Tidridge has lived in Flamborough for most of his life, at different times calling Flamborough Centre, Carlisle and Waterdown home. But he didn’t know much about local history growing up.

“When I learned about it, I just fell in love with the place a little more,” he said. “The shootouts at the Royal Coachman – stuff like that.”

“When the kids learn about it, they get more invested in it and then you can expand it out into Canada,” he continued. “Because the story of Waterdown, it’s a microcosm of Canada.”

The WDHS graduate noted the answer to the question of what Canada is, is rooted in stories about small communities, like those in the book.

“That’s especially true in Ontario,” he said. “Ontario doesn’t have a unified identity, especially southern Ontario. We find ourselves more invested in our communities, than the province as a whole.”

He noted few Ontarians identify as such, something vastly different than in other provinces, such as Prince Edward Island.

“It’s showing them that Canada is this vast, diverse place and getting them to ask, ‘Where does their identity come from?’” he said of the stories. “And to make them feel more invested in their home – Waterdown is more than a suburb and big box stores.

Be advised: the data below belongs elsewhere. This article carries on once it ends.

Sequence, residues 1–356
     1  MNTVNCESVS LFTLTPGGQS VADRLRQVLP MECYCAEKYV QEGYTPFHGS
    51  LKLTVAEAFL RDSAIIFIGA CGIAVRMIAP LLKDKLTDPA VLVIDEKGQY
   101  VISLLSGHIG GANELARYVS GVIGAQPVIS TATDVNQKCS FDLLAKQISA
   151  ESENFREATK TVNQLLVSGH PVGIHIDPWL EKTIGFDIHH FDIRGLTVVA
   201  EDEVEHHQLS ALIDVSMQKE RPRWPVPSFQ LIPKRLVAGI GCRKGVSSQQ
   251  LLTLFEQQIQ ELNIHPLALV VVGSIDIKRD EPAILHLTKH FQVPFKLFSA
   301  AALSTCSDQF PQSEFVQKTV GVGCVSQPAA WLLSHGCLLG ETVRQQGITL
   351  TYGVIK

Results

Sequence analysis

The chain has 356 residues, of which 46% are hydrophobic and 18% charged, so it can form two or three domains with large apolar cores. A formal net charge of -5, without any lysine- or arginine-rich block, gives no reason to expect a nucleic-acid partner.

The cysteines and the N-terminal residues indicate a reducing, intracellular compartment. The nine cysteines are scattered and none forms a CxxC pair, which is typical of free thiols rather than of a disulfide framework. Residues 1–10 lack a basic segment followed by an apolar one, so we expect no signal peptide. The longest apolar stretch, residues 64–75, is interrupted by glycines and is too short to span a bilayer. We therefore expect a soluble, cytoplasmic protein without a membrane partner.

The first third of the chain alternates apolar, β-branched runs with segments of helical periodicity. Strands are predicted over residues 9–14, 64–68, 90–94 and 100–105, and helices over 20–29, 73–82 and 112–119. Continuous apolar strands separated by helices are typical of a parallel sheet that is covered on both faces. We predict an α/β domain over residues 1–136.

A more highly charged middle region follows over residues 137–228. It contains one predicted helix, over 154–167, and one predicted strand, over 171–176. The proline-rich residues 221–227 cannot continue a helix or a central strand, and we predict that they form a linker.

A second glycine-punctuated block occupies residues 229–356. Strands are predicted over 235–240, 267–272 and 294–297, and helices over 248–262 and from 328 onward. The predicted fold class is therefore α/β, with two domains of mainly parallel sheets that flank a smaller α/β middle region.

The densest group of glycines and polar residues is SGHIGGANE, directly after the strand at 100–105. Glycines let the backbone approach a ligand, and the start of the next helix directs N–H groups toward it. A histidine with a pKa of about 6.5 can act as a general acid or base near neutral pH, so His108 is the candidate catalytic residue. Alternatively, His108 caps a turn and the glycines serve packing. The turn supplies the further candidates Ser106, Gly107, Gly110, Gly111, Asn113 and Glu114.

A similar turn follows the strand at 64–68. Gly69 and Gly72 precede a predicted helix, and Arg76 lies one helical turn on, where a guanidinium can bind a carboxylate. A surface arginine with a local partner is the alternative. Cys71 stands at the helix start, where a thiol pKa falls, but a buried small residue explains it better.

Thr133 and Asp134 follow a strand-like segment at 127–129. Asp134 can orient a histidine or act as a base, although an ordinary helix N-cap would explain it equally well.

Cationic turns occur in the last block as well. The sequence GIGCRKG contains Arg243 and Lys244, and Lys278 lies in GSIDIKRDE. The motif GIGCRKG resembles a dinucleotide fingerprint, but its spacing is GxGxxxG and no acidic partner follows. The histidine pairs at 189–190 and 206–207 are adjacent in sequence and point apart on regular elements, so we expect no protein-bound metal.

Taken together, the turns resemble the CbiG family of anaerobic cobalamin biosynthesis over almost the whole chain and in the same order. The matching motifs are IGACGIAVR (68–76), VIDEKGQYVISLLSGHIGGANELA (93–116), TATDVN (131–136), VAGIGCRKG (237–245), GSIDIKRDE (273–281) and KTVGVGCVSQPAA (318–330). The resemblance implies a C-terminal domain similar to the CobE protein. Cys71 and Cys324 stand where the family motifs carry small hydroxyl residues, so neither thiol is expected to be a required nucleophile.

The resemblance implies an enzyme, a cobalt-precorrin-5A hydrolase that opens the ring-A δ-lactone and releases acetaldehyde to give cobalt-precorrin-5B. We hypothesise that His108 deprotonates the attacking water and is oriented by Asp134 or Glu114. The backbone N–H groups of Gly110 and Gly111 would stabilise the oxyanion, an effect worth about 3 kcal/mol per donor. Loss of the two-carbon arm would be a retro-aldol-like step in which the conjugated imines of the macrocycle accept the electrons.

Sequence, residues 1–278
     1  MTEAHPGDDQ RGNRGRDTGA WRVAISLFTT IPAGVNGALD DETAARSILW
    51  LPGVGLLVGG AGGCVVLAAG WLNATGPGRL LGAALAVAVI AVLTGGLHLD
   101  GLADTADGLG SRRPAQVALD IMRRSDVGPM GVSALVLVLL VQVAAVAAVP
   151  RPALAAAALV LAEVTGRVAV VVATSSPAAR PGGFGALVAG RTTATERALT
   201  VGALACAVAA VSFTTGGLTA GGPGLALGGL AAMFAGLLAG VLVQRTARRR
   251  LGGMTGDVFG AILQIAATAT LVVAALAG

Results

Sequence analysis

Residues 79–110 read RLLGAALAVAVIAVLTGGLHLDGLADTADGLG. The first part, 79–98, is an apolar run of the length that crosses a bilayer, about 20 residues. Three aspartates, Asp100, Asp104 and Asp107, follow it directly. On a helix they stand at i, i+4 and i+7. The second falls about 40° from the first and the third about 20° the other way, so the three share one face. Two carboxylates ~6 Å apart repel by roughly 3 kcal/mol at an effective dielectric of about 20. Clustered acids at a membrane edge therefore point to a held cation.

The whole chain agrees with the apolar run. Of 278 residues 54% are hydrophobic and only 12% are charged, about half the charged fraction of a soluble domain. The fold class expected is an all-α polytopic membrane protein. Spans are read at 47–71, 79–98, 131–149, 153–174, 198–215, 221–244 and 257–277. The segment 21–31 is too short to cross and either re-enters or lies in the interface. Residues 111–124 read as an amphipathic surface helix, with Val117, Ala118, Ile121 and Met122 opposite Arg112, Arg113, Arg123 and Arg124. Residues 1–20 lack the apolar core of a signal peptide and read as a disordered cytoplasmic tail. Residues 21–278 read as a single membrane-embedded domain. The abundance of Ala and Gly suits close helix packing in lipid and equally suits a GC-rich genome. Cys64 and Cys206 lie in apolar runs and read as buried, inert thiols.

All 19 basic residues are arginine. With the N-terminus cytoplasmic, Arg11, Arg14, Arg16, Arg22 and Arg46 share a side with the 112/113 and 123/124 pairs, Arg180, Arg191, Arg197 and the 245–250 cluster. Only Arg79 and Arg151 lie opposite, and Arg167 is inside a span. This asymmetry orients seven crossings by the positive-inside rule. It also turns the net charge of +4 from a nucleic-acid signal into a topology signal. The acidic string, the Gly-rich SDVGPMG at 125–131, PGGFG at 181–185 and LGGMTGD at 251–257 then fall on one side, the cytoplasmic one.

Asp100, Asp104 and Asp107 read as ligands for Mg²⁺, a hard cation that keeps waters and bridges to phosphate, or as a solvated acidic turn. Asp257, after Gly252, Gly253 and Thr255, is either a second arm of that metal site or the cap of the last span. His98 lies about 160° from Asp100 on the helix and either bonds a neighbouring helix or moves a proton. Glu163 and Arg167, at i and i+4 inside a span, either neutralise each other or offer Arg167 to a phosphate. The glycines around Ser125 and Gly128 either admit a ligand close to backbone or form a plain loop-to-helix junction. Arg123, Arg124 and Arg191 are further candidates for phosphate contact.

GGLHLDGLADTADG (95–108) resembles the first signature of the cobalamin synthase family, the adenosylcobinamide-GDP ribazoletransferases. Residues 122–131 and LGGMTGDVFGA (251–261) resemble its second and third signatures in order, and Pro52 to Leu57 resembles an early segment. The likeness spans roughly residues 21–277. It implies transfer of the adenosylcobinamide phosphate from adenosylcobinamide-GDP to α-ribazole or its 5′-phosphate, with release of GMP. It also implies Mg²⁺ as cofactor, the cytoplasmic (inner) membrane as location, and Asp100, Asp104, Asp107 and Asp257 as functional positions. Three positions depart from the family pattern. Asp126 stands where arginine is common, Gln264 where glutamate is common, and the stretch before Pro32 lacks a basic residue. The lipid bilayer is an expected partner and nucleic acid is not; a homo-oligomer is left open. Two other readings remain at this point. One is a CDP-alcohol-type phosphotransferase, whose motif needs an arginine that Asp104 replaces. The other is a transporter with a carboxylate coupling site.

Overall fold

“Because that’s what it looks like and when I grew up that’s what I thought it was, but then when I learned this stuff, you start seeing it as something more than that.”

The Extraordinary History of Flamborough is available in Waterdown at the Flamborough Archives at a cost of $25. All proceeds from the sale of the book support the Waterdown-East Flamborough Heritage Society.

 

New book celebrates ‘extraordinary’ history of Flamborough